For more information on the effect of storms on trees, or to schedule a free
Tree Service Evaluation & Work Estimate, feel free to contact us directly:
855-866-8733(TREE) // email@example.com
PRUNING is the selective removal of parts of a tree or plant- such as: branches, buds, or roots.
Before we provide more information on the "Art of Pruning", it is very important to note that pruning can be very dangerous to the integrity & structure of a tree. It is necessary to have an Arborist who is trained to determine the proper type of pruning required, identify the presence of disease, etc. We believe it is our responsibility to facilitate you with the best practices in arboriculture to achieve optimum health and appearance for the overall integrity of your trees.
Pruning is the most common tree maintenance procedure, because it enhances: safety, tree health, and structural aesthetics. It is pertinent that the Biology of the Tree is understood to prevent improper pruning and serious damage to the trees. If there is any form of disease in a tree, it can spread easily during pruning due to access to pathogens. The cuts made during pruning can open wounds in the trees very similarly to our own human bodies.
Pruning cuts need to be made just outside the 'branch collar', which should never be cut or removed. It is also important to reduce the weight of larger limbs prior to cutting them, or there is a big risk in tearing the bark. Most crucial of all is the amount of pruning that is done. Younger trees will tolerate the removal of a higher percentage of living tissue than mature trees. It must be remembered that these parts of trees work like parts of the body, providing the nutrients and vitals that the tree needs to grow, survive, and benefit the world around it.
Here are a few types of pruning:
Reduction: To decrease the height or spread of the canopy. This practice assists in minimizing interfering / encroaching branches and providing adequate growth space for neighboring materials. This is more commonly referred to as either Canopy or Crown reduction.
Cleaning: Selective removal of dead, diseased, detached, damaged or broken branches; To reduce the movement of decay or disease into healthy tree tissue; Alleviating hazard limb conditions in the canopy.
Thinning: Selective removal of live branches to reduce crown density, and to allow a more unobstructed passage of sunlight and wind through the canopy. May remove sucker growth (water sprouts) from base and tree interior.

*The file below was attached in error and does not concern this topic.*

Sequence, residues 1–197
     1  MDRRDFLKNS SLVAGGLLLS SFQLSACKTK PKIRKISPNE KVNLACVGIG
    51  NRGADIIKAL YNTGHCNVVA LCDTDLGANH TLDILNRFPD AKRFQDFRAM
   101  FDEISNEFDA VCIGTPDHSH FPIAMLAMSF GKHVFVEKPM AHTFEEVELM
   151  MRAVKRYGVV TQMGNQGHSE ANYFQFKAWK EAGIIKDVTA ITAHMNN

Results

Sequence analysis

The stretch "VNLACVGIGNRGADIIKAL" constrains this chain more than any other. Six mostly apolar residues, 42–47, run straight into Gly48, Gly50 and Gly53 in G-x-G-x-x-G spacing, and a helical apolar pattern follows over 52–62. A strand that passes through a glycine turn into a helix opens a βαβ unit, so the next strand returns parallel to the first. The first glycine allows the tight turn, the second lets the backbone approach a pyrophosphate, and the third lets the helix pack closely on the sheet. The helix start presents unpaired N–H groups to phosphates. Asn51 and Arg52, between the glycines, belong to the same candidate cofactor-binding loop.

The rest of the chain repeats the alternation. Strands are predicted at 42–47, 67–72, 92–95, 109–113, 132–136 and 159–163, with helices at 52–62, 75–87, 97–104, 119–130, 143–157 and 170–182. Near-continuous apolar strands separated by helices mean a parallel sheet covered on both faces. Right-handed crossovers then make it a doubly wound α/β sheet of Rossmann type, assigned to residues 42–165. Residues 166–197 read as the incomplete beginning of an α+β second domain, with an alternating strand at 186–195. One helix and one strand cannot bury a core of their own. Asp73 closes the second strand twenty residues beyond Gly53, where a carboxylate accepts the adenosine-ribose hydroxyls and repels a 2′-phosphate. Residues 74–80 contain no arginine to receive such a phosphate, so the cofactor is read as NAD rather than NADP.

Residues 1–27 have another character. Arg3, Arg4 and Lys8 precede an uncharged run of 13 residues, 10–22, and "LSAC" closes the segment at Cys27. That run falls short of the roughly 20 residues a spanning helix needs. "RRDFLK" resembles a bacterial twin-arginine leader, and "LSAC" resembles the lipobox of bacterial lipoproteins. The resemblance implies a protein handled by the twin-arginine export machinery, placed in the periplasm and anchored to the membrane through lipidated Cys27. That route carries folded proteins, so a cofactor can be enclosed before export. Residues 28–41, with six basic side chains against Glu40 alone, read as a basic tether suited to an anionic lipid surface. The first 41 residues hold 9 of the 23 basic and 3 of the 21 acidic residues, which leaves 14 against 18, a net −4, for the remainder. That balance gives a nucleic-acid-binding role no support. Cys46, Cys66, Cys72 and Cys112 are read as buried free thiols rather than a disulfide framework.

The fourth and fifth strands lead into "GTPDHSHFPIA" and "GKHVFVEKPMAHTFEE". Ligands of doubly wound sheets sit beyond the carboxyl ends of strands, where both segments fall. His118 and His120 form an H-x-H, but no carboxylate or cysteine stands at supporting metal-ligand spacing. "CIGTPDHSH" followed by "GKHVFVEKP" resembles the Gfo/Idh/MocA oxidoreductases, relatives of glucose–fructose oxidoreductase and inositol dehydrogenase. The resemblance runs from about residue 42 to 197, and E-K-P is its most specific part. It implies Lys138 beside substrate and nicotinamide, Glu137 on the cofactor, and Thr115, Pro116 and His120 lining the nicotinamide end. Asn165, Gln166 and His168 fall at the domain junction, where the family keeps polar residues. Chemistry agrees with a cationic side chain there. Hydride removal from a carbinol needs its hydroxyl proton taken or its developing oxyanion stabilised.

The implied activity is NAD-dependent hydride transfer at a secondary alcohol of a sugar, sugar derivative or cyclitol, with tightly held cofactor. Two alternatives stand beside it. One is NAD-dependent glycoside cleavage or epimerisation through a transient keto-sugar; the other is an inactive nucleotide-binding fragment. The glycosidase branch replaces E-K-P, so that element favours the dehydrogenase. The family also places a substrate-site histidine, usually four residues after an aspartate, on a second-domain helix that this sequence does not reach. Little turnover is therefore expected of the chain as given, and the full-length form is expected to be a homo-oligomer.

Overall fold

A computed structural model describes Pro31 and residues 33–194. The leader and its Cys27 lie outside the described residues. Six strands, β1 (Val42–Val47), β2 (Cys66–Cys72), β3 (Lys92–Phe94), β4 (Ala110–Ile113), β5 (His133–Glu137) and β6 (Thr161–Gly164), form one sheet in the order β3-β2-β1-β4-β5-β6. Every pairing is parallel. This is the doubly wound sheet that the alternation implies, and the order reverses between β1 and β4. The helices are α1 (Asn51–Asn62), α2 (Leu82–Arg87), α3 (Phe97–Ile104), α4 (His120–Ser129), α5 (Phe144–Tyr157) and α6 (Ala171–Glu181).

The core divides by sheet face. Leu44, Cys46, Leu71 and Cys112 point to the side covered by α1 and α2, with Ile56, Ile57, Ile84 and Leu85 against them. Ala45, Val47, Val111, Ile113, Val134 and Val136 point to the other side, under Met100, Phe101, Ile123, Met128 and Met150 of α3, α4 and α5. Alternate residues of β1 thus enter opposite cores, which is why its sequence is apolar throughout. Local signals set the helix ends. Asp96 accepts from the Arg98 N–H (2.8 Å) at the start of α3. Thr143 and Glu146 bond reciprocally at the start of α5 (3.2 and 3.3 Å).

Raising: Selective removal of branches to provide a vertical clearance. Crown raising is the shortening or removal of lower branches to provide ingress/egress for pedestrian and vehicular traffic or to eliminate encroachment to building structures, lightpoles, signage, etc.
Restoration: Selective removal of branches, sprouts and branch stubs due to improper pruning procedures, (Hat Racking, severe Heading, Liontailing) or storm damages. This practice will improve the structure, form, appearance and future health of the tree. Evaluation and selection of water sprouts in tree interior to promote growth into new limbs and branches.
Vista: Removal or pruning of select live branches to affect a view.
Understanding your thirst for knowledge in better managing the tree maintenance in your residential community or commercial property, please contact us either
via email: firstname.lastname@example.org OR call us at # 855-866-TREE(8733)
At Perkins, we don't hold your average company meeting-- We provide
food and beverages, and allow our team to engage in open conversation. We spend
dedicated time going over procedures and methods to improve our existing
standards constantly. Photographed above, you can see President, Robert Perkins,
leading our July 12th team meeting. The second photo features Robert with his
brother and Vice President, Frank Perkins, in their pursuit for the well-being of trees.
Hi all, and welcome to our brand new blog!
Here you will be able to find education on trees & landscaping, as well as relative information. You can stay tuned with our team hard at work in the field, and get creative ideas for what we can do for your commercial establishment, residential association, or property.
Join us in our pursuit for the best health and best-looking displays of trees.